These symptoms usually occur after the second or third week of treatment. Symptoms will resolve after the treatment ends. During radiation, dietary modification usually helps reduce the frequency and severity of diarrhea. Try to avoid or reduce fried foods, greasy foods and highly spiced foods. Reduce foods with insoluble fiber, such as lettuce and cauliflower, and increase low-fiber and soluable-fiber foods, such as bananas, mashed potatoes, applesauce, white rice, canned or cooked fruits and vegetables.
Maintain your intake of lean proteins, such as turkey, chicken and fish, and increase your fluid intake to avoid dehydration. Using moist toilet paper, baby wipes or sitz baths may help relieve rectal irritation. Your doctor may recommend anti-diarrheal medications. Contact your doctor if you see blood in your stool, if the diarrhea worsens or if you become light-headed or dizzy.
What Does External Beam Radiotherapy Involve
You will have your treatment at a hospital radiotherapy department. Youll see a specialist doctor who treats cancer with radiotherapy, known as a clinical oncologist. You may also see a specialist nurse and a specialist radiographer. Theyll talk to you about your treatment plan and ways to manage any side effects.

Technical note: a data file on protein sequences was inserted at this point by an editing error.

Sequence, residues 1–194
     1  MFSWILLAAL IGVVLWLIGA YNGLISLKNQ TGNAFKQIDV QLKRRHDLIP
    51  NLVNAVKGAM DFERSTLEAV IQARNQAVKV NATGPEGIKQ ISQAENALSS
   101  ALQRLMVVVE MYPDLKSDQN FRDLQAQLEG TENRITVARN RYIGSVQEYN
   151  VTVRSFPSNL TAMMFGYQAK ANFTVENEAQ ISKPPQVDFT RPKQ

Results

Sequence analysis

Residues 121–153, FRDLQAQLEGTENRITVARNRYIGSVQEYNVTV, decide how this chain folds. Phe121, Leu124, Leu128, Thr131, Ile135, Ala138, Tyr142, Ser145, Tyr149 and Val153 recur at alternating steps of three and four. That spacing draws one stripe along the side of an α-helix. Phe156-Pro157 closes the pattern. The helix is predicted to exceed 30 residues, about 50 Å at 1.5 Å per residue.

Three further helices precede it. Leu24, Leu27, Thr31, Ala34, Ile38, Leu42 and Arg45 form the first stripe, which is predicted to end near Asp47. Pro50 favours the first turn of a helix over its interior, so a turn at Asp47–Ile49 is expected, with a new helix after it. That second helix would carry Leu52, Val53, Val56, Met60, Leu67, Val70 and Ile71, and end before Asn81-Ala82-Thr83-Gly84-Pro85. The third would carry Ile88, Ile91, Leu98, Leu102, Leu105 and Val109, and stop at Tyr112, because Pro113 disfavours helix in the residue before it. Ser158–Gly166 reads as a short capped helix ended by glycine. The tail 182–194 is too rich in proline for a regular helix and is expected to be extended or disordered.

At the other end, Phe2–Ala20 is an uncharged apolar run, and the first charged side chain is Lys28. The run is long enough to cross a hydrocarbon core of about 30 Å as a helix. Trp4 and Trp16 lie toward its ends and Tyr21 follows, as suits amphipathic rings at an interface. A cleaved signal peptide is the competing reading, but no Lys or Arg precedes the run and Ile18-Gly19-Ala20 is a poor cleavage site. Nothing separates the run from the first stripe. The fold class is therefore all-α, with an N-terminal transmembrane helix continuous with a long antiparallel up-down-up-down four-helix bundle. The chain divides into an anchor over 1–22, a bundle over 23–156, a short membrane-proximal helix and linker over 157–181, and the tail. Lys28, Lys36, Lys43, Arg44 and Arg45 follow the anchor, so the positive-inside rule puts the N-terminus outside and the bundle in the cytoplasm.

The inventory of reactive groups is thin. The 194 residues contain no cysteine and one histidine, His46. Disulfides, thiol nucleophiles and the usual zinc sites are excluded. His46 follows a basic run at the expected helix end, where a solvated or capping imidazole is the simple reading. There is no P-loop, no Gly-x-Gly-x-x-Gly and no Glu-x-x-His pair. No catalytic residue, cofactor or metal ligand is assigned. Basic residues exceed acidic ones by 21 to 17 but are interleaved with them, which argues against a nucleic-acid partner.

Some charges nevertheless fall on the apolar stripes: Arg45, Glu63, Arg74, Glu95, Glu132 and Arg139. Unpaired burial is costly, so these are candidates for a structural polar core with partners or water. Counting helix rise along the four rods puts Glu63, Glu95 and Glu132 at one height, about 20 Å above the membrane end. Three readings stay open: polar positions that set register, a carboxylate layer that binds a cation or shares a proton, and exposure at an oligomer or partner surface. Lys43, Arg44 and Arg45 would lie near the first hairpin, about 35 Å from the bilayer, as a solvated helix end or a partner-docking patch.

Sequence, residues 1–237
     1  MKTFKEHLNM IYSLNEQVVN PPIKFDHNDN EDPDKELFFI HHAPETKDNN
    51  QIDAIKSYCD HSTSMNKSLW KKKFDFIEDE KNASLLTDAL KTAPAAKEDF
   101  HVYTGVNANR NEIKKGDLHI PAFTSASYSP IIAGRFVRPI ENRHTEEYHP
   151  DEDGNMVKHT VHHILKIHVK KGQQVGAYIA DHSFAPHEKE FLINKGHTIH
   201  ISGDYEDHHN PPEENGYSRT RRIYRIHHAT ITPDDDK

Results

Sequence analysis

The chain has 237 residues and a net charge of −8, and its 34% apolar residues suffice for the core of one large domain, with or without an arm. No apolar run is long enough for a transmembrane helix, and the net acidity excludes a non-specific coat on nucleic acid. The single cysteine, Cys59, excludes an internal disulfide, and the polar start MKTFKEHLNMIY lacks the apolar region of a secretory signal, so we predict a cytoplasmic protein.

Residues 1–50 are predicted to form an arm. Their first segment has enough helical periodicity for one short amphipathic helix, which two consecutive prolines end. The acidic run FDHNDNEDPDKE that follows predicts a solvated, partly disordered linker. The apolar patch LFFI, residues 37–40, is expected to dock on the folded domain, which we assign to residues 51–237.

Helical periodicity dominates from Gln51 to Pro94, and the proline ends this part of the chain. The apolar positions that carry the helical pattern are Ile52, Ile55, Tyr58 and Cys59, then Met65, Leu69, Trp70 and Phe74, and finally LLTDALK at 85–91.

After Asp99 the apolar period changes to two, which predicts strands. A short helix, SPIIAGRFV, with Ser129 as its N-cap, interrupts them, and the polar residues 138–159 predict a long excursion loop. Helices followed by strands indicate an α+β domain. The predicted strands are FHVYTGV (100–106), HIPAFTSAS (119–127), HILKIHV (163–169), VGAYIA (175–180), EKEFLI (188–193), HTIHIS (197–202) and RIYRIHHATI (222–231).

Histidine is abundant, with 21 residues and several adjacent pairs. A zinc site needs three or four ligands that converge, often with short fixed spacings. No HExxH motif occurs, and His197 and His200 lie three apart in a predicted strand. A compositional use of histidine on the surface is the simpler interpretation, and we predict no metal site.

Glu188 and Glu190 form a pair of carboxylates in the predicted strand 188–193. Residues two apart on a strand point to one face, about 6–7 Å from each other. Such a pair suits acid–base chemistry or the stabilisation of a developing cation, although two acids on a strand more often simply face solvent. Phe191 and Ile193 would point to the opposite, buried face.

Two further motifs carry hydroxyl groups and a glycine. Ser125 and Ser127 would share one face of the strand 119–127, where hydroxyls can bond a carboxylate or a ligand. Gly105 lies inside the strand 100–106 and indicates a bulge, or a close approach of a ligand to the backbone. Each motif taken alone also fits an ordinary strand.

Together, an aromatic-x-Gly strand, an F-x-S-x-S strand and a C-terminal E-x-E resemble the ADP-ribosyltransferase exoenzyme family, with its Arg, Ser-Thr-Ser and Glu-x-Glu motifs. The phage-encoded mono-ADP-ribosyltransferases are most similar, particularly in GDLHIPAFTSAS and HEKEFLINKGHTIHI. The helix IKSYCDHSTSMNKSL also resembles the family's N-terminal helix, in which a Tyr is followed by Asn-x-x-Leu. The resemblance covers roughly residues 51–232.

Before your radiotherapy treatment
Radiotherapy planning session
A week or two before your treatment, youll have a planning session. This is to make sure the radiographers know the exact position, size and shape of your prostate. It will help them make sure the radiotherapy is aimed at your prostate and that the surrounding areas get as little radiation as possible.
During your radiotherapy treatment
You will have one treatment at the hospital five days a week, with a rest over the weekend. You can go home after each treatment.
If you have localised prostate cancer, the course of radiotherapy usually involves 20 treatment sessions over four weeks. You might hear this called hypo-fractionated radiotherapy.
At some hospitals, youll have 37 sessions over seven or eight weeks instead. If you have 37 sessions, youll receive a slightly larger overall dose of radiotherapy but the dose you receive at each session will be lower than if you have 20 sessions.
Its safe for you to be around other people, including children and pregnant women, during your course of radiotherapy. The radiation doesnt stay in your body so you wont give off any radiation.
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Types Of Prostate Radiation
The most common types of radiation for prostate cancer are external beam radiation and brachytherapy .